Wearing ear defenders is not always popular with staff exposed to industrial noise, and it may not be practical for employees to wear hearing protection constantly, especially where the noise levels are intermittent or vary significantly over the day.

Putting up a standard printed “Hearing Protection Must Be Worn” sign means that employees have to follow it continuously in these zones and someone has to monitor the people to make sure they comply with the instruction. 

Noise-activated warning signs provide an alternative temporary warning linked to the actual level of noise itself and can, therefore, help to manage the wearing of PPE. The way such signs work is that the Employer sets a trigger level of say 80 dB(A), once noise reaches that level the sign will light up. Such signs therefore effectively allowing the marking of an area as “Hearing Protection Mandatory Only When Lit”.

These interactive noise warning signs offer the advantage then, that hearing protection need only be worn when necessary. Using hearing protection only when levels require means companies placing less reliance on using PPE as a noise control measure, more comfort for workers and less work-place isolation. 

Such signs can also be used to mark out a factory into multiple zones and use PPE only in those areas when lights are on – something that just isn’t possible with regular signs. They can serve as an important safety function in work environments that rely on processes that involve or produce exceptionally loud sounds; other workers i.e. from the office or visitors who walk through workshops and factories can immediately tell at a glance if the environment is noisy and put their PPE on.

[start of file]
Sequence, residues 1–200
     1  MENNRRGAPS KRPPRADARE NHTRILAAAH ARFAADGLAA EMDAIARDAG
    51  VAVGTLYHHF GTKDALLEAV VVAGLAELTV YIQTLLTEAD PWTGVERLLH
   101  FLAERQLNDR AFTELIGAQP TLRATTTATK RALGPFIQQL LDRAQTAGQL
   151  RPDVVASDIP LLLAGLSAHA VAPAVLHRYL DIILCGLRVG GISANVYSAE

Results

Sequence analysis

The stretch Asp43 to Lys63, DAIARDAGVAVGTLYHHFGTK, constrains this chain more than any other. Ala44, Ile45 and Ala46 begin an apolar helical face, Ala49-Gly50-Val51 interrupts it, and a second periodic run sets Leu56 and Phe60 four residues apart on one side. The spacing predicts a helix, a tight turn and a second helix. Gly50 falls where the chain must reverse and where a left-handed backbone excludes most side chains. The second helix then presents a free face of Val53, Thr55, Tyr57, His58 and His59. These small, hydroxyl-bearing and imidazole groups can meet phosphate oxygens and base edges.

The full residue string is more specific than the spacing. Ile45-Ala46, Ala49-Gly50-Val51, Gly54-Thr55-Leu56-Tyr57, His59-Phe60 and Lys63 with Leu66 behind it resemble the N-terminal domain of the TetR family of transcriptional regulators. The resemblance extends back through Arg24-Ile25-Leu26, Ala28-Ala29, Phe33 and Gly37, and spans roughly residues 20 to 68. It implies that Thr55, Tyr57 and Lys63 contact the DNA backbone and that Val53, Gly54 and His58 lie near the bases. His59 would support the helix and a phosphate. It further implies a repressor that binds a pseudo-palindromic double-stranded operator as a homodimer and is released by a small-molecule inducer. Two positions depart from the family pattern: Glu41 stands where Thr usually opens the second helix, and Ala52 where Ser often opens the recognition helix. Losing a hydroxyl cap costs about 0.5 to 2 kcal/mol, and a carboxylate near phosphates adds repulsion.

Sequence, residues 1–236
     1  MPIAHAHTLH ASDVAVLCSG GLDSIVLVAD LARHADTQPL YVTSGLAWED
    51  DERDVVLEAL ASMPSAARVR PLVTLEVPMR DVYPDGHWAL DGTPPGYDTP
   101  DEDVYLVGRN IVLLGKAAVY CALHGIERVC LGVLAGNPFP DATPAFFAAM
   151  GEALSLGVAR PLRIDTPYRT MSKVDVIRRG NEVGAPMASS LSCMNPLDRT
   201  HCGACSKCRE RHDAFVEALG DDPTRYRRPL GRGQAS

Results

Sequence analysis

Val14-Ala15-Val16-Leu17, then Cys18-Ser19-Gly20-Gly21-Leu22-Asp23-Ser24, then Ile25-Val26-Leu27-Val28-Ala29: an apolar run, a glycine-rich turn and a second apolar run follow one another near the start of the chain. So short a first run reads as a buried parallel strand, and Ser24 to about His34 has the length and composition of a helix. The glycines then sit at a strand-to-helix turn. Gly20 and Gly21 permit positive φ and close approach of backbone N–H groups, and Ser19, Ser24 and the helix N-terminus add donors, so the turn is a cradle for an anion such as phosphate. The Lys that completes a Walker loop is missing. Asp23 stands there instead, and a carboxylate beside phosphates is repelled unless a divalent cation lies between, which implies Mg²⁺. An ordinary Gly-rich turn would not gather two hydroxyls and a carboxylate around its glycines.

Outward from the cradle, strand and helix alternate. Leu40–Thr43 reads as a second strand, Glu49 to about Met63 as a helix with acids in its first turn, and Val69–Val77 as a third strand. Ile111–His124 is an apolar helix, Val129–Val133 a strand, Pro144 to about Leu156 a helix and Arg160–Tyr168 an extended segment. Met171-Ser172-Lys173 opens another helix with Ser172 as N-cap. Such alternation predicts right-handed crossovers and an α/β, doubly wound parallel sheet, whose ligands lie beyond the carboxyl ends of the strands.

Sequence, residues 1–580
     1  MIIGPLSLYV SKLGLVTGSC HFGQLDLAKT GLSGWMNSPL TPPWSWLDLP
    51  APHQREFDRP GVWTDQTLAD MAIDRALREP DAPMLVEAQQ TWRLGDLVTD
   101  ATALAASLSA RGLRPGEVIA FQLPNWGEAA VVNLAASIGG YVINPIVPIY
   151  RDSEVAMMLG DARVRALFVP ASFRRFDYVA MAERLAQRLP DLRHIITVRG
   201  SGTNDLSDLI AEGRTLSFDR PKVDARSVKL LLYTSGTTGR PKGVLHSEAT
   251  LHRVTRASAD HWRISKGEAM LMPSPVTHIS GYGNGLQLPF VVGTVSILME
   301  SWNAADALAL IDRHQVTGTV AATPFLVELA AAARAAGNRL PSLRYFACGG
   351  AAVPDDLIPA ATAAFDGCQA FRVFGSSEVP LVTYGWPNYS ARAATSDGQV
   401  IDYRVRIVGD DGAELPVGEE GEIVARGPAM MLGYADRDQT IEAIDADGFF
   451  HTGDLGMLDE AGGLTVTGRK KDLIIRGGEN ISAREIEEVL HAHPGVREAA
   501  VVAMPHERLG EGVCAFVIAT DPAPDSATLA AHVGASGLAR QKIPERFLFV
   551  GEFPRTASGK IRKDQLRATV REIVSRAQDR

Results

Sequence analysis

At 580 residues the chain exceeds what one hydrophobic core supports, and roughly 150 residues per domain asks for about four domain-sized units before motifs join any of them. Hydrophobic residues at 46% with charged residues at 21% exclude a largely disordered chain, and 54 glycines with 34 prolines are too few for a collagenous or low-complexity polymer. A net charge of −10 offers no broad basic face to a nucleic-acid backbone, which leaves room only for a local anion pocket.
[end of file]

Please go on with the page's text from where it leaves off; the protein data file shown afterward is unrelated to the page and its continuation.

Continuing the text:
If it is essential for anyone entering these areas to be prepared and already wearing hearing protection often a secondary connecting ‘Remote Unit’ can be connected to a ‘Master unit’ and positioned outside of the zone next to an entrance or door for example. This will ensure that anyone entering the room will be aware of the high noise levels and the need to wear appropriate hearing protection.

Do interactive signs work?

Yes. Just using hearing protection for the noisiest activities is usually enough to bring your LEP,d down to the required levels i.e. 80dB(A) or less. 

In addition, some signs can also be used to log and store noise levels and therefore give an indication of noise levels over time. Enabling the Employer to keep track of problem areas and investigate issues to prevent high levels of noise exposure in workers.